Inflammation is a localized, protective response to trauma or microbial invasion that destroys the injurious agent and the injured tissue. Neutrophil elastase (NE), a serine protease stored in the azurophil granules of polymorphonuclear neutrophils, digests microbes after phagocytosis. NE can also digest microbes extracellularly but is associated with tissue damage and inflammatory disease. In this study, we show that polymorphonuclear neutrophils from mice deficient in serine protease inhibitor 6, a weak intracellular NE inhibitor, had increased susceptibility to self-inflicted lysis because of increased NE activity. The resulting transient increase in local extracellular NE activity was within a narrow range that resulted in the clearance of Pseudomonas aeruginosa but did not damage the lung. Therefore, deficiency in a weak intracellular inhibitor of NE results in an acute inflammatory response that protects from P. aeruginosa but does not cause lung disease.

Polymorphonuclear neutrophils (PMN)3 provide the first line of defense from infection through the elimination of bacteria and fungi. The microbicidal molecules used by PMNs are grouped into oxygen-dependent and oxygen-independent systems (1). The latter system comprises serine proteases such as neutrophil elastase (NE), cathepsin G (Cat G), and proteinase 3 (PR3) and other polypeptides that alter microbe structural integrity (1). In mice, NE is required for host defense against Gram-negative bacteria (2) and kills Escherichia coli by degrading its major outer membrane protein A after phagocytosis (3). Activated PMNs also release a variety of molecules, including NE, during their egress from the vasculature, when phagocytosis is impaired or the dose of microbe is overwhelming (4). The release of NE during inflammation causes a proteolytic environment, which can kill microbes and modulate the inflammatory response. However, a wide substrate repertoire has lead to the incrimination of NE in the tissue damage that gives rise to inflammatory diseases. Diseases associated with infection with Pseudomonas aeruginosa in the lung typify this situation. NE is thought to protect from P. aeruginosa through the degradation of flagellin (5) but is also associated with tissue destruction in pneumonia-mediated acute lung injury and cystic fibrosis (CF) (6).

The lifespan of a PMN is typically only ∼6 h after they leave the circulation, and so large numbers are rapidly recruited from the blood to the site of infection (7) then disposed of by apoptotic programmed cell death (PCD) (8, 9). It is assumed that the physiological reason for preventing the self-lysis of PMNs is 2-fold. First, to ensure sufficient viability so that they can move to the site of infection then phagocytose and eliminate microbes, Second, to safely remove damaged PMNs and avoid the release of NE and other noxious agents that may cause tissue damage and inflammatory disease. How PMN breakdown is prevented by protection from self-inflicted damage is not well understood.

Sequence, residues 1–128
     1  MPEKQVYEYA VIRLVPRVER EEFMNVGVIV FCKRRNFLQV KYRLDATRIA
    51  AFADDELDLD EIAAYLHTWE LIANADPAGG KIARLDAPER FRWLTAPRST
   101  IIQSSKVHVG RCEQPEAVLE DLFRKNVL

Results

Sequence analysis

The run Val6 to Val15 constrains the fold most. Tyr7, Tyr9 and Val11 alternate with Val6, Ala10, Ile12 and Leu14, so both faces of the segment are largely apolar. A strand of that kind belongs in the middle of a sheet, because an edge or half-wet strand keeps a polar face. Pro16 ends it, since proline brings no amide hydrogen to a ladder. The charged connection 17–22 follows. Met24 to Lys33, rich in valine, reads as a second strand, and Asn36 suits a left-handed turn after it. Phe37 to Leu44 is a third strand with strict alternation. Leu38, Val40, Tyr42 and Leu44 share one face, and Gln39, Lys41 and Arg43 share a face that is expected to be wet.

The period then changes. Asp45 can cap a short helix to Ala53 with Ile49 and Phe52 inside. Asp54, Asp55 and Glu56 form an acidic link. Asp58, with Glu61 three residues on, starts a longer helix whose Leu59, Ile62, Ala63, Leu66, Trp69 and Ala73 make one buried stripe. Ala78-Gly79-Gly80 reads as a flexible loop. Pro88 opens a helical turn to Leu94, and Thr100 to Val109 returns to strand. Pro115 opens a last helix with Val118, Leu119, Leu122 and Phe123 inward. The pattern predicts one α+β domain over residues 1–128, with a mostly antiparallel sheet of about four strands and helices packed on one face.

One clue for how PMNs avoid self-inflicted damage may come from recent insights into how CTLs avoid being killed by their own toxic effector serine proteases such as granzyme B (GrB) (10). Regulation of serine proteases is mainly achieved through inhibitors of the serine protease inhibitor (serpin) superfamily (11). Several serpins with homology to OVA (ova-serpins) lack a traditional signal peptide sequence and are located in the cytoplasm of cells (12). The human ova-serpin proteinase inhibitor PI9 is a potent inhibitor of GrB (13). In mice, serine protease inhibitor 6 (Spi6), a homolog of PI9, also inhibits GrB in vitro (14) and is expressed in CTLs and NK cells (15). Using mice deficient in Spi6, we have shown that by inhibiting GrB, Spi6 protects CTLs from self-inflicted injury (10). The increased programmed cell death of Spi6 CTLs resulted in impaired survival and a decrease in CTL-effector function, most notably in impaired clearance of virus. Therefore, for CTLs, protection by Spi6 from self-inflicted damage is required for effector function.